Bravo for tomatoes, beans and kale. But what’s next for the ardent home gardener? Wheats, including farro, spelt and kamut, are surprisingly easy and very rewarding backyard crops. They can be planted as early as the ground can be worked in spring and harvested mid-summer to make room for fall crops. These ancient food sources can be milled for flour, sprouted or eaten as whole grains to retain their natural amino acids, fibre, vitamins, omega-3 fatty acids and probiotics, among other benefits.
In addition to wheat, there are also heirloom cultivars of barley and oats that offer an abundant way for gardeners to harvest fibre, protein and carbohydrates. Buckwheat makes an excellent grain substitute and attracts many beneficial insects. Seeds like soybeans, flax, amaranth, quinoa and Styrian pumpkin are very high in protein and there are many beautiful types that are easy to grow. Expert gardener Dan Jason provides gardening advice and recommends varieties that are adapted to Canadian conditions.
Once the harvest is in, it’s time to celebrate with Michele Genest’s fifty vibrant vegetarian recipes featuring the garden’s bounty. Ranging from the simple (Pumpkin Seed Butter Cookies) to the sophisticated (Beet and Triticale Gnocchi with Kale Pesto), the recipes in this exciting garden-to-kitchen volume will inspire readers to expand their horizons when it comes to growing and cooking grains and seeds.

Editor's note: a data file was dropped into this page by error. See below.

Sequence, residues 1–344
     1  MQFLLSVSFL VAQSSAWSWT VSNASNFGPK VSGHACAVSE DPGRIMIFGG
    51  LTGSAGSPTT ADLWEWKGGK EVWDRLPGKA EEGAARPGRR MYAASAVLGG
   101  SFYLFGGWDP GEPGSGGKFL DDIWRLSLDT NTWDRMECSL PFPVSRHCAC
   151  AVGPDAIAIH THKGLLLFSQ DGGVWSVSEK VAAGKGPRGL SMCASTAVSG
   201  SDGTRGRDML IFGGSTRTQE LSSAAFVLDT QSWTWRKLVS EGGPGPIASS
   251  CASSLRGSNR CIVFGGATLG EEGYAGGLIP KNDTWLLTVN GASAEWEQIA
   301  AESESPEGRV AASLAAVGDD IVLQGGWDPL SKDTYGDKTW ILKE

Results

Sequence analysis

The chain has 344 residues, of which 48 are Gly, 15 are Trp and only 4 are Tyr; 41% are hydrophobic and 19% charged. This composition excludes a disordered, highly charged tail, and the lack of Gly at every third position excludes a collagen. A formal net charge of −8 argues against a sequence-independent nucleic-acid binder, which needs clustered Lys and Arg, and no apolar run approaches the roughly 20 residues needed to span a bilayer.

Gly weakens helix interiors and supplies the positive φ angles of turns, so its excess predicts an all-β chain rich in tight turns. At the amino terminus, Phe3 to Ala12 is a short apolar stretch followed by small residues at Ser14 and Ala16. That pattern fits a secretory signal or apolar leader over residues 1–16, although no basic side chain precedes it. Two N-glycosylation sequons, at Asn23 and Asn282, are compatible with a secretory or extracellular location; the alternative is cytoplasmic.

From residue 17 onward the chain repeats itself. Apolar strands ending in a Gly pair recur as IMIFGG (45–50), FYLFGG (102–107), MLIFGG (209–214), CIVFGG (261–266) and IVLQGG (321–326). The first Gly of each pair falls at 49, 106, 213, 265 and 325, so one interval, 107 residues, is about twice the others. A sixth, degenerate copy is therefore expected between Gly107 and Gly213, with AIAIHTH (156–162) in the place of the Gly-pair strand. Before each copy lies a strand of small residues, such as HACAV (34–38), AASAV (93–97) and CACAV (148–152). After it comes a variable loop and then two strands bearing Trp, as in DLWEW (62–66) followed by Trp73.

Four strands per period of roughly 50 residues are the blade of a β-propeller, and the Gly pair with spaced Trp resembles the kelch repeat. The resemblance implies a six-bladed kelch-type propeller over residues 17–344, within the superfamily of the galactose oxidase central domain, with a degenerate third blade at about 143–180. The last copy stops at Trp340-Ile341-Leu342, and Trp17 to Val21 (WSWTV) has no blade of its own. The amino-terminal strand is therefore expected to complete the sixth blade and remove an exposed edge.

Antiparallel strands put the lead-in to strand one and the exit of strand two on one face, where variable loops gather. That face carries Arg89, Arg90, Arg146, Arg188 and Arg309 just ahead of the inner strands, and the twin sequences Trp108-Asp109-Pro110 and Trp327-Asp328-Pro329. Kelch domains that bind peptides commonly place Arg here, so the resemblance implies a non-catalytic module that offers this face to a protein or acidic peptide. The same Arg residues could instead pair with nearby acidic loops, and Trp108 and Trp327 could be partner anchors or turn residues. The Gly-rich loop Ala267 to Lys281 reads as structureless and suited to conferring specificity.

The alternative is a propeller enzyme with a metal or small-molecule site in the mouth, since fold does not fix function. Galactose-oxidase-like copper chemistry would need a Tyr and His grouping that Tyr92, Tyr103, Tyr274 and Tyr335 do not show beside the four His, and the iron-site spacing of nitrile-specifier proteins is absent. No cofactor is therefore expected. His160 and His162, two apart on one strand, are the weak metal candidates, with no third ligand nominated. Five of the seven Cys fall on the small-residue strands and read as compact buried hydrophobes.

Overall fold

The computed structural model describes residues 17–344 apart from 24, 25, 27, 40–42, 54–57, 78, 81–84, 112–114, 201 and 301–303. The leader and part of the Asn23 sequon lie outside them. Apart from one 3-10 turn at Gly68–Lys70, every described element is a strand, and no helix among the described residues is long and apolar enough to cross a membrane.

This rich, attractive growing guide and cookbook brings together the expertise of Jason (The Power of Pulses), founder of the mail-order seed company Salt Spring Seeds, and culinary columnist Genest (The Boreal Feast). In the first chapter, Jason outlines the health benefits of ancient grains for people and the planet. He devotes subsequent chapters to each of the featured grains: amaranth, barley, buckwheat, flaxseed, styrian pumpkin seeds, quinoa, soybeans, and wheat. He outlines the history of each grain along with nutritional values, seed varieties, growing and harvesting advice, and some simple tips for preparation. Amaranth, for instance, can be cooked as a cereal or popped like popcorn. The second half of the book is Genest's contribution, consisting of 50 vegetarian recipes using these grains. Not surprisingly, there are breakfast items such as whole grain granola and morning glory quinoa muffins, but from there she launches into more adventurous territory for appetizers (sikil p'ak, a Mexican vegetable dip featuring pumpkin seeds), soups (lime-scented green pea, coconut milk, and wheat berry soup), salads and main dishes (barley and morel mushroom risotto), breads, flatbreads, and crackers (triticale pumpernickel sourdough), and desserts (chocolate soybean turinois). Together, the authors make a persuasive case for cooking with ancient grains.